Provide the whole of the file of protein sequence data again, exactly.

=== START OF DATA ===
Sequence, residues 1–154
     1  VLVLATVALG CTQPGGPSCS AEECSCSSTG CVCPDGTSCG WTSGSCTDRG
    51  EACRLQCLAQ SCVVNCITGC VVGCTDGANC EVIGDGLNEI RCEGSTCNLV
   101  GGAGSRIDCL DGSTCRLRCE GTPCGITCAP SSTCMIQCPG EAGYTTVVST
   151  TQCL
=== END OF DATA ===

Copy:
Sequence, residues 1–154
     1  VLVLATVALG CTQPGGPSCS AEECSCSSTG CVCPDGTSCG WTSGSCTDRG
    51  EACRLQCLAQ SCVVNCITGC VVGCTDGANC EVIGDGLNEI RCEGSTCNLV
   101  GGAGSRIDCL DGSTCRLRCE GTPCGITCAP SSTCMIQCPG EAGYTTVVST
   151  TQCL